IT JUST TAKES A LITTLE empty feeling inside for a person to start envying someone else’s good fortune. I have seen it happen many times where a person cannot only envy but resent another individual who appears happy and content. There is a friend of mine who has a relative that acts this way. This relative will offer backhanded compliments that others can see are fueled by jealousy and resentment. Another thing they do is try to copy whatever my friend does, either in hair style or clothing. If my friend is wearing a new outfit at a family function, the relative will seek out and buy something similar; however she take pleasure it telling everyone how much it cost. In other words she wants everyone to know her outfit is more expensive and better quality. It is such a weird game to me, like anyone would care about which one was better or more expensive. The thing I find icky is when my friend tells me this relative showed up at a family dinner with her hair styled in the same manner as my friend’s style; based on what I have heard there is no way I would say she is paying a compliment to my friend. WISHING FOR SOMETHING HAS A different feeling for me than dreaming about it. When I wish for something it usually is a tangible thing like wishing for warmer weather or a winning lottery ticket. I have spent the majority of my life dreaming about a life I hoped I could attain one day. Dreams to me seem to be more goals oriented than wishes. Maybe what I am trying to say is dreams have more of a life altering affect. There is a difference when one says they wish they had a boyfriend compared to dreaming about being with a boyfriend. I hope this is an example; there are two sisters who do not get along well with each other. One sister got married early and started a family; the other one married later in life and did not have any children. As the two sisters grew older the one without children started to resent her sister. Where the one with kids took family trips, attended a variety of school functions and was married to a man who was climbing up in position at his company; the other sister wanted the same things. She was only looking at the things she wanted but never indicated growing up that she wanted that type of life. It reminds me of that old saying about the grass being greener on the other side, which could apply to this mystery film also. ON A RECOMMENDATION ADAM, played by Jake Gyllenhaal (Nocturnal Animals, End of Watch), rented a movie that had in the cast an actor who looked exactly like him. Both stunned and curious Adam began to do research on the actor to see if he could meet him and see what type of life he was leading. Directed by Denis Villeneuve (Arrival, Sicario) the cast also included Melanie Laurent (Beginners, Now You See Me) as Mary and Sarah Gadon (Dracula Untold, The Amazing Spider-Man 2) as Helen. This film festival winning dramatic thriller was fueled by the wonderful performance by Jake. The story kept my interest for the most part, though it had a certain oddness to it. There were a couple of times I had to sit and wonder if I was missing something in the story because it seemed as if the script was getting more cerebral. I think watching this DVD could lead to some discussion afterward in a variety of directions. The main thing I took away from this picture was the belief Adam was a wisher.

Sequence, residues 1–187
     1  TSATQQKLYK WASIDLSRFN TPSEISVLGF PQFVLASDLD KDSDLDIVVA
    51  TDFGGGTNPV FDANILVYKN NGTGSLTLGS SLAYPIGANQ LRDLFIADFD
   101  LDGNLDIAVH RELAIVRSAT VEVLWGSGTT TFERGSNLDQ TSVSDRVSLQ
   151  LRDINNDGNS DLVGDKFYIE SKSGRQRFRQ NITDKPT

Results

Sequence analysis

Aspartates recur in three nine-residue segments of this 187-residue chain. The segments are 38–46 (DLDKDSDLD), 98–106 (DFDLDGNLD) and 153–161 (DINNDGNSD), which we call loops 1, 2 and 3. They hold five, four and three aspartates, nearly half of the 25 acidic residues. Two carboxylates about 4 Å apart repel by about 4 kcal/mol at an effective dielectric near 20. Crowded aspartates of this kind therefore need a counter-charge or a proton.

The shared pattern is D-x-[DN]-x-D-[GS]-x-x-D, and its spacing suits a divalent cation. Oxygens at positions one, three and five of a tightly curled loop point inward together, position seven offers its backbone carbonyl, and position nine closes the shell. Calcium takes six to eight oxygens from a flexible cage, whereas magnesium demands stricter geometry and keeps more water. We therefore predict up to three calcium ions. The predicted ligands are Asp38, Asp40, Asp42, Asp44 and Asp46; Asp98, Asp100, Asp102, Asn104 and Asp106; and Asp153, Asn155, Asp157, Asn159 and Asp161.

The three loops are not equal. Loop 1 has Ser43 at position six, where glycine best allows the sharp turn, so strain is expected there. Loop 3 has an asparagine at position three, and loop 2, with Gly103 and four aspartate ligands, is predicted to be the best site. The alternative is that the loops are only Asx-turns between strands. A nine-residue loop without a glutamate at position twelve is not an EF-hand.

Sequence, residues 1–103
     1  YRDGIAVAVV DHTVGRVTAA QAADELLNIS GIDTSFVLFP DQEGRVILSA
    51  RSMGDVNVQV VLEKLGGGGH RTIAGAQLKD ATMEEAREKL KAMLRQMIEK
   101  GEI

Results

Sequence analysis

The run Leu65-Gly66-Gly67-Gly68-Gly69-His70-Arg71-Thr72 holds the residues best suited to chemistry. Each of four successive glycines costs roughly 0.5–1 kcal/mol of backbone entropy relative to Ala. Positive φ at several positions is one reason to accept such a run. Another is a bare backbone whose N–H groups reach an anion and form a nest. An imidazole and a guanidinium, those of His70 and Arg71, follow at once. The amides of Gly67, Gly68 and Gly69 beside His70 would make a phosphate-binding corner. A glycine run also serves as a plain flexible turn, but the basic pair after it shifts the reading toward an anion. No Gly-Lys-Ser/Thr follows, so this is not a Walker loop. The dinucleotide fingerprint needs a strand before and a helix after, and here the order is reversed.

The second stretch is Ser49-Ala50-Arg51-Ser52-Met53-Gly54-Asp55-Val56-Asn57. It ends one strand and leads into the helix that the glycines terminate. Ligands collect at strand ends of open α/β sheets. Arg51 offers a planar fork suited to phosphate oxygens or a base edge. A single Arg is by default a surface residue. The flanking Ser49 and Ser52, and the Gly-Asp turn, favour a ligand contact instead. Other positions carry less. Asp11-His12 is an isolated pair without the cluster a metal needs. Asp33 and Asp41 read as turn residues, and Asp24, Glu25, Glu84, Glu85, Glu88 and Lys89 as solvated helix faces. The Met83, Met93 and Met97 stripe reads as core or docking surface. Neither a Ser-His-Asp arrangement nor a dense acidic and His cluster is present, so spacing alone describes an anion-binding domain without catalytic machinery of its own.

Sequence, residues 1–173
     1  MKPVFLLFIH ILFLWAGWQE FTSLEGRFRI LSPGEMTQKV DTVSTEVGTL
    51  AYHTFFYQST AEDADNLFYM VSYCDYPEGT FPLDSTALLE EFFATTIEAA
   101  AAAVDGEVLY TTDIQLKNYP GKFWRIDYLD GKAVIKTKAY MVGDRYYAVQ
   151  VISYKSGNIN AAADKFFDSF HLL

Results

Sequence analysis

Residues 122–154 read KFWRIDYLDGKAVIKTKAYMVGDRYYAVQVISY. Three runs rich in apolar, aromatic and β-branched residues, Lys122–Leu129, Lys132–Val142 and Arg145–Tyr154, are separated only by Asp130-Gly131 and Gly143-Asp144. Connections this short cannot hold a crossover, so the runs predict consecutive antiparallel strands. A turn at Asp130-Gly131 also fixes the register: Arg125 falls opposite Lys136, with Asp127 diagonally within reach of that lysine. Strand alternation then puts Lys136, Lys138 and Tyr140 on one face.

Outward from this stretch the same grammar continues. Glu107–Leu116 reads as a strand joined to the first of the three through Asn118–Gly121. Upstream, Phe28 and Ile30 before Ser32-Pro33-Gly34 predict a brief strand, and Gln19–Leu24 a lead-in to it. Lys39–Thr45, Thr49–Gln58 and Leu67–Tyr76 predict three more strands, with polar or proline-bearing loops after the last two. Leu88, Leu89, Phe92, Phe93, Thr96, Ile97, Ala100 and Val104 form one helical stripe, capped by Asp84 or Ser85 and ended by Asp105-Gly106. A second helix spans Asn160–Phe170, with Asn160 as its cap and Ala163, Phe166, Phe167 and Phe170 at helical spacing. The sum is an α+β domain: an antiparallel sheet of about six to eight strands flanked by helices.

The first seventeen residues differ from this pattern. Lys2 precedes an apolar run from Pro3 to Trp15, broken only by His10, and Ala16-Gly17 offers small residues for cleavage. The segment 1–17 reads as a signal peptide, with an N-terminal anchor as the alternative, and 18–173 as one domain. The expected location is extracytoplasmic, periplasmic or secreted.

2 ½ stars – DVD